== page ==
But it certainly wouldn’t be the first time in history that such a question has been asked.  In 538 B.C., the emperor of the Persian empire, known as Cyrus, or Darius, allowed the people of Israel to end their exile in Babylon and return to their homeland.  But those who were old enough to remember the glories of Solomon’s Temple, wept at how far their nation had fallen and how little they had in comparison to what was once theirs.  (Haggai 1:15b-2:9)

1:15b In the second year of King Darius,

2:1 on the twenty-first day of the seventh month, the word of the Lord came through the prophet Haggai: “Speak to Zerubbabel son of Shealtiel, governor of Judah, to Joshua son of Jozadak, the high priest, and to the remnant of the people. Ask them, ‘Who of you is left who saw this house in its former glory? How does it look to you now? Does it not seem to you like nothing? But now be strong, Zerubbabel,’ declares the Lord. ‘Be strong, Joshua son of Jozadak, the high priest. Be strong, all you people of the land,’ declares the Lord, ‘and work. For I am with you,’ declares the Lord Almighty. ‘This is what I covenanted with you when you came out of Egypt. And my Spirit remains among you. Do not fear.’

“This is what the Lord Almighty says: ‘In a little while I will once more shake the heavens and the earth, the sea and the dry land. I will shake all nations, and what is desired by all nations will come, and I will fill this house with glory,’ says the Lord Almighty. ‘The silver is mine and the gold is mine,’ declares the Lord Almighty. ‘The glory of this present house will be greater than the glory of the former house,’ says the Lord Almighty. ‘And in this place, I will grant peace,’ declares the Lord Almighty.”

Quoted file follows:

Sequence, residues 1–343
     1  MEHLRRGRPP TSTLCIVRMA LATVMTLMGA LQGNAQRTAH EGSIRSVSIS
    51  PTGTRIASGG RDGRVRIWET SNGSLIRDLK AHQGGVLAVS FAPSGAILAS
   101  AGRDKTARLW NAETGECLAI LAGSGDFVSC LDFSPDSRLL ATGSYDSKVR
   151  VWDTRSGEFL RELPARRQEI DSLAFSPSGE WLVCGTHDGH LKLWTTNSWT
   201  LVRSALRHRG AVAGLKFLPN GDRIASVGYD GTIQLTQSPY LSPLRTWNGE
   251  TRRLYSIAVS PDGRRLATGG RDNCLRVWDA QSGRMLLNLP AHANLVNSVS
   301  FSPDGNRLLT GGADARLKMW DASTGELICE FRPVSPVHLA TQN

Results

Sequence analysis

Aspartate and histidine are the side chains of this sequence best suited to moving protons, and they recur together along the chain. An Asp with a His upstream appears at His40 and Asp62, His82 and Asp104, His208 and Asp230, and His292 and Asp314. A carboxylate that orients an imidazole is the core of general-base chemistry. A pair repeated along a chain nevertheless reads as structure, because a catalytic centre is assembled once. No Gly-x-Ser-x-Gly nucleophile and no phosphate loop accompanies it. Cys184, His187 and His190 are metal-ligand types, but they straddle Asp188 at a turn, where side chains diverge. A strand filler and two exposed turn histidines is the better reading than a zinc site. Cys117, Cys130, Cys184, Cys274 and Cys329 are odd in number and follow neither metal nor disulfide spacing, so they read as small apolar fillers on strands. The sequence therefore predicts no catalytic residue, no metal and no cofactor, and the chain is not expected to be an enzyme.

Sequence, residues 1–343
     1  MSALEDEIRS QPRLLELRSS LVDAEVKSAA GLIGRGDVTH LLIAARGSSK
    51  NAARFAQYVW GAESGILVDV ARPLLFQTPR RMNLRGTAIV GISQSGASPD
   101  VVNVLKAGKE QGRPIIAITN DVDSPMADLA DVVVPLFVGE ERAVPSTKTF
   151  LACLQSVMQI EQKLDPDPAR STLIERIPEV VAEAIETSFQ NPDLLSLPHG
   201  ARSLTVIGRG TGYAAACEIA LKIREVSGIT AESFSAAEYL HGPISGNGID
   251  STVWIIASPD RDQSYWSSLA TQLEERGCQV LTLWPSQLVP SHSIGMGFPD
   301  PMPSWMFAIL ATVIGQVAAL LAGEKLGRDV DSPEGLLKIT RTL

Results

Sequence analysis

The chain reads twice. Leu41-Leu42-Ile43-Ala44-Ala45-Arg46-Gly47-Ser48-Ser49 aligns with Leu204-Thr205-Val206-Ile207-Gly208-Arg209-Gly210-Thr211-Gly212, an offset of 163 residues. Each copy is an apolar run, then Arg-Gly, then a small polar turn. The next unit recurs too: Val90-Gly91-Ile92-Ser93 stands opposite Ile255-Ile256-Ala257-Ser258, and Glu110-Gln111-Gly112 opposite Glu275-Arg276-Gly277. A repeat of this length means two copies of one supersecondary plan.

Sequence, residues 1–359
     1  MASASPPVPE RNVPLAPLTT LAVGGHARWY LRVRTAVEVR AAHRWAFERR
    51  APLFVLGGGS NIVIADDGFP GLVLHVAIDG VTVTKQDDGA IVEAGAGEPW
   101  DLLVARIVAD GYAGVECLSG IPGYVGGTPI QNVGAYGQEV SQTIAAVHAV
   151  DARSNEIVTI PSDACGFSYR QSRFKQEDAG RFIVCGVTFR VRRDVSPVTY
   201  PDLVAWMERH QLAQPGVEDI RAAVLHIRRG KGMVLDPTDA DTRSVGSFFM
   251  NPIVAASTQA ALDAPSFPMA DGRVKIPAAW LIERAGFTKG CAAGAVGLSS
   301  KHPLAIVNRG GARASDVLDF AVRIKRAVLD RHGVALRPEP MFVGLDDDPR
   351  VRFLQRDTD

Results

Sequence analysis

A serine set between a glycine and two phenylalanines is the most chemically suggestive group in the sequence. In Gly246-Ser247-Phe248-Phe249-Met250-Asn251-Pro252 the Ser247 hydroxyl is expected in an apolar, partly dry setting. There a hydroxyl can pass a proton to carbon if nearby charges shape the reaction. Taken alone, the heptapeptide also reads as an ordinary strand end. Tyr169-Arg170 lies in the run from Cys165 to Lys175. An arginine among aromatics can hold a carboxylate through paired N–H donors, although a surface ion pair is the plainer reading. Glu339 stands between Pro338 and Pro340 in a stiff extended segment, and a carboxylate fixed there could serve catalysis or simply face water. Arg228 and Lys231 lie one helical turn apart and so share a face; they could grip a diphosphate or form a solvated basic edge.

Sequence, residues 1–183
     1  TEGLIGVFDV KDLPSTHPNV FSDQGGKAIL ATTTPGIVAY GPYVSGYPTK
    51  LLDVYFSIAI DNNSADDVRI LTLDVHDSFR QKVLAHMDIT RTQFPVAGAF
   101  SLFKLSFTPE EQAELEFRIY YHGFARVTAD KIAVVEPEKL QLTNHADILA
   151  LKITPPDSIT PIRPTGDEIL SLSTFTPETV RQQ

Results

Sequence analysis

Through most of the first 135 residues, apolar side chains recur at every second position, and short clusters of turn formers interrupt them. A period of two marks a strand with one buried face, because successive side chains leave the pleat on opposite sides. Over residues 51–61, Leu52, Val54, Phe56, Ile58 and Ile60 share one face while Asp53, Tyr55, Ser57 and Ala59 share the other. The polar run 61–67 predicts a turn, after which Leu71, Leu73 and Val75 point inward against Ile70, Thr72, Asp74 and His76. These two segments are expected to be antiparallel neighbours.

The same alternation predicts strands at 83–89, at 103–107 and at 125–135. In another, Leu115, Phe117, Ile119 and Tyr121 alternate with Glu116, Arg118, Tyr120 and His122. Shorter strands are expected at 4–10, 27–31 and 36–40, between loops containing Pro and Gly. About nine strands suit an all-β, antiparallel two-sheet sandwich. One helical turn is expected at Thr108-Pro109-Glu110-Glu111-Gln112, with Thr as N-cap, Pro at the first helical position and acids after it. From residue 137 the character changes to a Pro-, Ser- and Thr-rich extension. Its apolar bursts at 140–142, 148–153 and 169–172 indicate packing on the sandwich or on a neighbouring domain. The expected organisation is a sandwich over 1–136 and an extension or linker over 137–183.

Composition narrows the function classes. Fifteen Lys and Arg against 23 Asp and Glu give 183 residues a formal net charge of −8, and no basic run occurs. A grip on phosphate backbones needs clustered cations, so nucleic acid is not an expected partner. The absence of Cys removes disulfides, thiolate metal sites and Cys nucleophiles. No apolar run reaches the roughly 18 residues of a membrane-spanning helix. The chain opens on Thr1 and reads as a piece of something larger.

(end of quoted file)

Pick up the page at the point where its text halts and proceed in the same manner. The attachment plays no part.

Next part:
About 50,000 Jews returned to Israel with Zerubbabel, and for two years they labored to build a temple on the temple mount.  But, for the people who had seen what was there before and had been witnesses to the glory of the past, what they built seemed to be as if it were nothing when compared to what had been there before.  They had not only lost fifty or more years of their lives, but it seemed as if they would never be able to restore what they had once had.  The campaign to “Make Israel Great Again” seemed to be a horrible failure.

But God.

The way that we see the world around us is often nothing at all the way that God sees things.  And that was exactly the case here.  The temple that Zerubbabel and the people had built was a pale shadow of Solomon’s Temple, but that didn’t matter to God.  Although the people couldn’t see it, God knew that this humble temple would become the home of his Son, the Messiah Jesus.  God knew that the temple would be improved and expanded by Herod the Great and he also knew all the things that would happen in that place and how those things would change the world.